AEGL-2 is the airborne concentration (expressed as ppm or mg/m3) of a substance above which it is predicted that the general population, including susceptible individuals, could experience irreversible or other serious, long-lasting adverse health effects, or an impaired ability to escape.
AEGL-3 is the airborne concentration (expressed as ppm or mg/m3) of a substance above which it is predicted that the general population, including susceptible individuals, could experience life-threatening health effects or death.
Airborne concentrations below the AEGL-1 represent exposure levels that could produce mild and progressively increasing but transient and nondisabling odor, taste, and sensory irritation or certain asymptomatic, nonsensory effects. With increasing airborne concentrations above each AEGL, there is a progressive increase in the likelihood of occurrence and the severity of effects described for each corresponding AEGL. Although the AEGLs represent threshold levels for the general public, including susceptible subpopulations, such as infants, children, the elderly, persons with asthma, and those with other illnesses, it is recognized that individuals, subject to idiosyncratic responses, could experience the effects described at concentrations below the corresponding AEGL.
Propylene oxide is an extremely flammable, highly volatile, colorless liquid. Its odor has been described as sweet and alcoholic, and it has reported odor thresholds ranging from 10 to 200 ppm (Jacobson et al. 1956; Hellman and Small 1974; Amoore and Hautala 1983). The primary industrial uses of propylene oxide include in the production of polyurethane foams and resins, propylene glycol, functional fluids (such as hydraulic fluids, heat transfer fluids, and lubricants), and propylene oxide–based surfactants. It is also used as a food fumigant, soil sterilizer, and acid scavenger.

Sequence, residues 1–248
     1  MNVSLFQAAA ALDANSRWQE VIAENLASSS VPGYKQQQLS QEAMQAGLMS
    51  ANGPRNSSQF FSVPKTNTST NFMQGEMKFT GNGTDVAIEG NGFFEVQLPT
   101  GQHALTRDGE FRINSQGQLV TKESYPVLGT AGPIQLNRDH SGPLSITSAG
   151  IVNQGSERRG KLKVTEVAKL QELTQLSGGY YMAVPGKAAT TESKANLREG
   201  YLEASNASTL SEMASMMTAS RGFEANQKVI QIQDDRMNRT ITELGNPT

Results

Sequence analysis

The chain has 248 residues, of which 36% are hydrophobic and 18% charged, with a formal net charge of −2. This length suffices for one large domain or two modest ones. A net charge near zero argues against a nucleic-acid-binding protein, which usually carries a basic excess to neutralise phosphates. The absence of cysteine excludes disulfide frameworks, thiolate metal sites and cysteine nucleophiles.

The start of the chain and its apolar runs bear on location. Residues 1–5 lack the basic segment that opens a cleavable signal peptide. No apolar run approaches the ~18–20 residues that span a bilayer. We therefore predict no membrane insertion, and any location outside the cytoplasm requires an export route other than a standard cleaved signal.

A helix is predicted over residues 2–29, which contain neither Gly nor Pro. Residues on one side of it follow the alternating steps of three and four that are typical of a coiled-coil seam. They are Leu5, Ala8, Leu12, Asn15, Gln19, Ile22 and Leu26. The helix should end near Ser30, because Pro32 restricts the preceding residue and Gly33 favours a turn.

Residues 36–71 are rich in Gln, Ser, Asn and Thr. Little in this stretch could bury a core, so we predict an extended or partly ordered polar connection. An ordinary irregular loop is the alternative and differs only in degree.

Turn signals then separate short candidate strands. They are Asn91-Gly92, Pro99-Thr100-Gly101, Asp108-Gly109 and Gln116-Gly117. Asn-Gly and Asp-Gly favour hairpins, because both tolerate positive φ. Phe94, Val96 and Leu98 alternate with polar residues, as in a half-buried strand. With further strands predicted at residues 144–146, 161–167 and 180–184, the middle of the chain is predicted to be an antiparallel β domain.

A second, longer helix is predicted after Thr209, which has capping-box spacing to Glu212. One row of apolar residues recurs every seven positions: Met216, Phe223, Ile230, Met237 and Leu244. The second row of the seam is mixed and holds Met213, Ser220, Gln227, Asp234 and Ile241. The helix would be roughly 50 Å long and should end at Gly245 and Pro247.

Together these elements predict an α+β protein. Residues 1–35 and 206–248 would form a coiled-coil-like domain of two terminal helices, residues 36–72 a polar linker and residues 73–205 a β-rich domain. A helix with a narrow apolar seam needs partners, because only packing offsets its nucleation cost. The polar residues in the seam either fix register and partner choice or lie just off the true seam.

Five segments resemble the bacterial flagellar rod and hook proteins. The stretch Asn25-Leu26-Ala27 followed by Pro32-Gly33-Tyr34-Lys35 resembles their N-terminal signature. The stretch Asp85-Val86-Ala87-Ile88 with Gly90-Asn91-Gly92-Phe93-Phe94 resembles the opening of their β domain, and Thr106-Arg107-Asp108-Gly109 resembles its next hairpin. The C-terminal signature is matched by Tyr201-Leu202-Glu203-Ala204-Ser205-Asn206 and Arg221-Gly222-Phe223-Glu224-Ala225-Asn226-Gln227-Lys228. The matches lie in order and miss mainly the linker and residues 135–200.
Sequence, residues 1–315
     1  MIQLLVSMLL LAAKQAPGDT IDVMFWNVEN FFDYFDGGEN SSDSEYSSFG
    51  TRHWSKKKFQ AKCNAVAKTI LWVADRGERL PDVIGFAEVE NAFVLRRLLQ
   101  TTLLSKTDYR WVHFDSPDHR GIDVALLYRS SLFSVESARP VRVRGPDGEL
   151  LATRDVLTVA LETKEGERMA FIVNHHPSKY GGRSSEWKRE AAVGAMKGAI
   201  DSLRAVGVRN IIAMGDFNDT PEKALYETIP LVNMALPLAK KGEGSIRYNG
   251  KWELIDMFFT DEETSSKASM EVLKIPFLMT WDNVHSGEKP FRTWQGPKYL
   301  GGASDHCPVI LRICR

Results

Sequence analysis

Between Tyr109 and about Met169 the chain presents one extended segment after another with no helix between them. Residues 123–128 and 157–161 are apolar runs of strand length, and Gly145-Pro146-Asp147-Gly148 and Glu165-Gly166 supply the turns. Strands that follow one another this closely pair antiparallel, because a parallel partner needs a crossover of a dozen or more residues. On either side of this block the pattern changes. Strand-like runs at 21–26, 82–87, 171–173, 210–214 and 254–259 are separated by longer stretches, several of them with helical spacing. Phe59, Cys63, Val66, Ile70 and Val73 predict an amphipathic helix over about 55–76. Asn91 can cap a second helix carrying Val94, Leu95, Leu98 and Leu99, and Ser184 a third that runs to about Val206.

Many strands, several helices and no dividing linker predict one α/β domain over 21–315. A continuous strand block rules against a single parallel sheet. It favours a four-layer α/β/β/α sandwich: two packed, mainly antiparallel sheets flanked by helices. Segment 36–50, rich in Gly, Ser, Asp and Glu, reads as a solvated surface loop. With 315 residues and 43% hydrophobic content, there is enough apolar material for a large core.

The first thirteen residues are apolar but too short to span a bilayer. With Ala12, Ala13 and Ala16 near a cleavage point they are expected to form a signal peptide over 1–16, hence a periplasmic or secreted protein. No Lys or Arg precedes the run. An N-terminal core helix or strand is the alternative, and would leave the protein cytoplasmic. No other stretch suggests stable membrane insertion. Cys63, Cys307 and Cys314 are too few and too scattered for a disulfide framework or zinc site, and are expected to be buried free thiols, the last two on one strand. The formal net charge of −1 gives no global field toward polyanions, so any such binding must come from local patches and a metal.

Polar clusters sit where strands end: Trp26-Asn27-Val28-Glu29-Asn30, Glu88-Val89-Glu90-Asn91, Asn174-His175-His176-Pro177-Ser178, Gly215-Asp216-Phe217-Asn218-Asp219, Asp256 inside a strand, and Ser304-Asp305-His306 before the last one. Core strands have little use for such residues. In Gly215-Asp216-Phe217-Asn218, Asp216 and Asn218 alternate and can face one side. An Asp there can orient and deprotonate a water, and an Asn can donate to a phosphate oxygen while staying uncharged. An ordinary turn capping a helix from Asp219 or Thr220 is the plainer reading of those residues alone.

Data addressing inhalation toxicity of propylene oxide in humans were limited to one case report, general environmental work surveys, and molecular biomonitoring studies. Studies addressing lethal and nonlethal inhalation toxicity of propylene oxide in animals were available in monkeys, dogs, rats, mice, and guinea pigs. General signs of toxicity after acute exposure to propylene oxide vapor included nasal discharge, lacrimation, salivation, gasping, lethargy and hypoactivity, weakness, and incoordination. Repeated exposures resulted in similar but generally reversible signs of toxicity. Much of the toxicologic evidence suggests that propylene oxide reacts at the site of entry. Therefore, inhalation of propylene oxide results in respiratory tract irritation, eventually leading to death. Possible neurotoxic effects have also been observed in rodents and dogs after inhalation exposure to higher concentrations of propylene oxide.
Propylene oxide is a direct alkylating agent that covalently binds to DNA and proteins. Consequently, it has tested positive in a number of in vitro tests but has produced equivocal results in in vivo test systems. Data addressing the po-